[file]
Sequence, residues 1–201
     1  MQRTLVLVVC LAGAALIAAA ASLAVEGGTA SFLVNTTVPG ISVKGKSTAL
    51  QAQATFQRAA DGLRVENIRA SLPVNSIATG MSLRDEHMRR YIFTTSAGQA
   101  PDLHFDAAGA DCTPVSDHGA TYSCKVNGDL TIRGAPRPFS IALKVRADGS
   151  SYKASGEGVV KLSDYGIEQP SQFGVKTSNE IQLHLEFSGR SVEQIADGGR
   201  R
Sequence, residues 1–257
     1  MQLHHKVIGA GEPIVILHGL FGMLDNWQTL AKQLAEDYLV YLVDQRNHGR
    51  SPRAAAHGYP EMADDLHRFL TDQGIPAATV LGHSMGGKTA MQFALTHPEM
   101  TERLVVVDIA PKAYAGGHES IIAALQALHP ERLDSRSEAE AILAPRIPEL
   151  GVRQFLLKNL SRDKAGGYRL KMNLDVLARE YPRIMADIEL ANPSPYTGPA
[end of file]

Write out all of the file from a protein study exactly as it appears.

Sequence, residues 1–201
     1  MQRTLVLVVC LAGAALIAAA ASLAVEGGTA SFLVNTTVPG ISVKGKSTAL
    51  QAQATFQRAA DGLRVENIRA SLPVNSIATG MSLRDEHMRR YIFTTSAGQA
   101  PDLHFDAAGA DCTPVSDHGA TYSCKVNGDL TIRGAPRPFS IALKVRADGS
   151  SYKASGEGVV KLSDYGIEQP SQFGVKTSNE IQLHLEFSGR SVEQIADGGR
   201  R
Sequence, residues 1–257
     1  MQLHHKVIGA GEPIVILHGL FGMLDNWQTL AKQLAEDYLV YLVDQRNHGR
    51  SPRAAAHGYP EMADDLHRFL TDQGIPAATV LGHSMGGKTA MQFALTHPEM
   101  TERLVVVDIA PKAYAGGHES IIAALQALHP ERLDSRSEAE AILAPRIPEL
   151  GVRQFLLKNL SRDKAGGYRL KMNLDVLARE YPRIMADIEL ANPSPYTGPA